However, we concur with the conclusion of the Tax Court and the Appellate Division that, in the factual setting of this case, the Division improperly exercised its discretion. We note that under N.J.A.C.18:2-2.7(c)(4), the pendency of an action or proceeding for judicial determination may constitute reasonable cause, until the time in which the taxpayer has exhausted its administrative or judicial remedies, provided that [t]he action or proceeding involves a question or issue affecting whether or not the . . . entity is required to . . . pay tax; [t]he action or proceeding is not based on a position which is frivolous; and [t]he facts and circumstances for such taxable period or periods are identical or virtually identical to those of the taxable period or periods covered by the action or proceeding. N.J.A.C.18:2-2.7(c)(4). A taxpayer s showing of [a]n honest misunderstanding of fact or law that is reasonable in light of the experience, knowledge and education of the taxpayer supports a finding of reasonable cause. N.J.A.C.18:2-2.7(d)(1)(i). Such a finding is warranted here.

As the Tax Court observed, with no directly pertinent legal authority then in existence, genuine questions of fact and law existed concerning the propriety of the Director s imputation of interest with respect to plaintiffs disputed transfers conducted under the UPS cash management system. United Parcel Serv. Gen. Servs. Co., supra, 25 N.J. Taxat 50. Indeed, citing N.J.A.C.18:2-2.7(b) s standard for the grant of an abatement, the Division acknowledged in writing that one of the plaintiffs had demonstrated reasonable cause in this matter. We therefore agree with the Appellate Division and affirm the Tax Court s finding that the Division did not exercise properly the discretion that the Legislature afforded to it in N.J.S.A.54:49-11(a) when it declined to waive late payment penalties imposed on plaintiffs.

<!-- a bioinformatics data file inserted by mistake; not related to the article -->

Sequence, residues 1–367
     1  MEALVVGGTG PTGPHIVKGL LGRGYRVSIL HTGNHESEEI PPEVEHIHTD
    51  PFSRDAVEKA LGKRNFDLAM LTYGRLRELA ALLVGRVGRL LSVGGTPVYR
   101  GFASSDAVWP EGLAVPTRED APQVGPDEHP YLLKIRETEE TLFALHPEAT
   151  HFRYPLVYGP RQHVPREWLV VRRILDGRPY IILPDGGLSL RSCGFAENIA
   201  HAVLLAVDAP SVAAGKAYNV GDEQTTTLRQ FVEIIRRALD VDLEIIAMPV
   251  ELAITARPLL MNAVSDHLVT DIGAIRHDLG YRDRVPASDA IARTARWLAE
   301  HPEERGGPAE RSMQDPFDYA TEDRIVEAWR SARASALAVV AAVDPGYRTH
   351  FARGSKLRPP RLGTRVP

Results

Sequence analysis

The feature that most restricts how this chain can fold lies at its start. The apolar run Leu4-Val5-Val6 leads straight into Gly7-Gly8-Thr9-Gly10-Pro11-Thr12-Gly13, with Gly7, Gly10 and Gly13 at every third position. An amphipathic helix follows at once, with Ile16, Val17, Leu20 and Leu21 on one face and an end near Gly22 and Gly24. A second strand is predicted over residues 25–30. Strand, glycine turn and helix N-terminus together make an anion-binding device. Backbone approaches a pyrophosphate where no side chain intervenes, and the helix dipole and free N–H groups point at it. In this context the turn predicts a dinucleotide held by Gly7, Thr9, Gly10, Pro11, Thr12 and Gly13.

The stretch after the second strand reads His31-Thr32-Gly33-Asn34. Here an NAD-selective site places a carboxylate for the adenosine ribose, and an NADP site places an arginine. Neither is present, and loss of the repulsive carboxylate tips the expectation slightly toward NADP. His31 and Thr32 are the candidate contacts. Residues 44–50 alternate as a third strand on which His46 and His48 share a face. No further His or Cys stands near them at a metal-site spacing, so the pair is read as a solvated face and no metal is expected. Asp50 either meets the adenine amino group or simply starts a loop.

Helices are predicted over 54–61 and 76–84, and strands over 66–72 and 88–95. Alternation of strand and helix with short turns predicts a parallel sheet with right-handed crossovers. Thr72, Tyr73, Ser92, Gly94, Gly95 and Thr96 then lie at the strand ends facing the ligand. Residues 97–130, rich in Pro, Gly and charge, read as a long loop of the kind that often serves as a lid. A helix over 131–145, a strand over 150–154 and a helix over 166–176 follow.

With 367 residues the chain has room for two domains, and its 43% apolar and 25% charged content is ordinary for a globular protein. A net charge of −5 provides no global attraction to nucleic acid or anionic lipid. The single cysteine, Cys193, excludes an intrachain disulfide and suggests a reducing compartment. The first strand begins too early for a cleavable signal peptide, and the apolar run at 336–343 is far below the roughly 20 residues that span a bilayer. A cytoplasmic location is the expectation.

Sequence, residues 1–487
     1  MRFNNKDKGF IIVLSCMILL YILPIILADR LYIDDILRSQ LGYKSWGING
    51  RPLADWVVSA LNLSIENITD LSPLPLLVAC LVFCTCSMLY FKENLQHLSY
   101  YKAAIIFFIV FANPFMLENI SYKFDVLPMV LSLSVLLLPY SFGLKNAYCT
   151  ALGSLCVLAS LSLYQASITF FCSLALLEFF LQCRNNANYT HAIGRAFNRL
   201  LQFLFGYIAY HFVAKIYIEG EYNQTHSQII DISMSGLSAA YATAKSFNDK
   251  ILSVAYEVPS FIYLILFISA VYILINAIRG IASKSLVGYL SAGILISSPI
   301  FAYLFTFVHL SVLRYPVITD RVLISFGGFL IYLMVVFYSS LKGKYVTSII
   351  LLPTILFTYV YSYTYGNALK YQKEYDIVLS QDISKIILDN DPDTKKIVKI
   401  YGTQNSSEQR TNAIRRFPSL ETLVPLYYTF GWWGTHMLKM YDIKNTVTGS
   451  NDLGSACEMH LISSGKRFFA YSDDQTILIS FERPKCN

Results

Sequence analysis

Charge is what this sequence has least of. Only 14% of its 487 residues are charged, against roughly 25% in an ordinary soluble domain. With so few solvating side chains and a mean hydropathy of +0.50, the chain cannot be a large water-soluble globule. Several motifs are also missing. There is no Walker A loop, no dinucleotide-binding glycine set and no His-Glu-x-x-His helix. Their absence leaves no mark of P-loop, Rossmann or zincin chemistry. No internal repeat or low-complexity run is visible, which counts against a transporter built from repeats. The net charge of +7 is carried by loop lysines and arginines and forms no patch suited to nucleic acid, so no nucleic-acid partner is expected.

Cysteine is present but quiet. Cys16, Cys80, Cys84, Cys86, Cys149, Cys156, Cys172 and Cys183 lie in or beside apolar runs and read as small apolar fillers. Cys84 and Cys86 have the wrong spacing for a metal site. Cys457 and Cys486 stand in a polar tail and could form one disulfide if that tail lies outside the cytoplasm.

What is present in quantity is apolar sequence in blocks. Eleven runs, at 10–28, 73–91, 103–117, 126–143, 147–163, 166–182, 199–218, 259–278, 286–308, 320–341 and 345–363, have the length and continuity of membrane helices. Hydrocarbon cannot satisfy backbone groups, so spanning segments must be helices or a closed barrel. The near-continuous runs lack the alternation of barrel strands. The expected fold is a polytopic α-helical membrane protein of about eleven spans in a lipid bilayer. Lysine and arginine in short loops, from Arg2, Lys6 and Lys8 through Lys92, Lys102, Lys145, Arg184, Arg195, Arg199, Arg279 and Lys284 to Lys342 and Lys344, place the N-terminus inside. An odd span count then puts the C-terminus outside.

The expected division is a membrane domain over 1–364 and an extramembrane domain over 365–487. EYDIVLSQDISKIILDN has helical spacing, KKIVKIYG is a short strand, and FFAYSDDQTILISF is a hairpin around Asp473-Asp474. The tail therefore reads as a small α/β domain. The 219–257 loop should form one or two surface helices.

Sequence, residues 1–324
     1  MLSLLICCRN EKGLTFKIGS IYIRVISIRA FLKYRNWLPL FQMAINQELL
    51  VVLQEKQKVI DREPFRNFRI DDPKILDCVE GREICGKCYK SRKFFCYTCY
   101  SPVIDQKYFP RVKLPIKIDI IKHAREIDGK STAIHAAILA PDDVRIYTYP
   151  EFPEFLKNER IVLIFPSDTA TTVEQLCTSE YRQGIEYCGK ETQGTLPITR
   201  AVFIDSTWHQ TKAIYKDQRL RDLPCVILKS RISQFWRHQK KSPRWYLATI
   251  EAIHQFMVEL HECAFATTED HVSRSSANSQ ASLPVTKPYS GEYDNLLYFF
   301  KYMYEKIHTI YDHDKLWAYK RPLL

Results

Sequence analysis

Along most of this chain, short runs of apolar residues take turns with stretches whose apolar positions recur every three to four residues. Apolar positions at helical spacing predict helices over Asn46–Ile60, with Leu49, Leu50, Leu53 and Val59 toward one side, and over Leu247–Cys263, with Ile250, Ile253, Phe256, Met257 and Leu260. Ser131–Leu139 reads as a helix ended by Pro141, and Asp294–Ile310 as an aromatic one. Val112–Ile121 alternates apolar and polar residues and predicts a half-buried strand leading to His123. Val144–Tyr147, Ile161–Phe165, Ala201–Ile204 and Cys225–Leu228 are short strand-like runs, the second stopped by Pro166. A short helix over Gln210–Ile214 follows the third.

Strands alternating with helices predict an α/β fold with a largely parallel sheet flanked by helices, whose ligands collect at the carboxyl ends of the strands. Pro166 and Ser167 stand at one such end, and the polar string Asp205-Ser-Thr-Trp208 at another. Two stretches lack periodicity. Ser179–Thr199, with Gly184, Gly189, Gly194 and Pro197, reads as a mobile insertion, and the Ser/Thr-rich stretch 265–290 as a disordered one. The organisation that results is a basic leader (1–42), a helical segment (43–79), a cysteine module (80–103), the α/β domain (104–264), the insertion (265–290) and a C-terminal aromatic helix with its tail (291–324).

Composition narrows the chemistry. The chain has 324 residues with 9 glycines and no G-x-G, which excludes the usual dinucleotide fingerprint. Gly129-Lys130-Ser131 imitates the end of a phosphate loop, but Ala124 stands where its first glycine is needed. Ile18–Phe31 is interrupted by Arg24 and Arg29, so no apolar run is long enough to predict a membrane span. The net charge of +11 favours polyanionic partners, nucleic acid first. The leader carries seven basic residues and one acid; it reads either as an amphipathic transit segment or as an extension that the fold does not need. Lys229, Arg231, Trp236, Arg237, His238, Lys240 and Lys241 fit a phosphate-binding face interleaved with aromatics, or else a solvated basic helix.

Second, we concur with the Appellate Division that neither of the tax amnesty statutes that govern this case clearly indicates whether the Legislature intended to authorize the imposition of a tax amnesty penalty against a taxpayer in plaintiffs circumstances. United Parcel Serv. Gen. Servs. Co., supra, 430 N.J. Super.at 15-16. The penalty provisions of both tax amnesty statutes require the Division to impose a penalty on a taxpayer who has failed to pay any State tax before the day upon which it is due. N.J.S.A.54:53-17(a), -18(a). Neither statute expressly indicates whether a taxpayer who timely files tax returns, pays all reported tax liabilities and is found to be liable for additional taxes following an audit, has failed to pay New Jersey taxes, and therefore should be assessed a penalty. Ibid.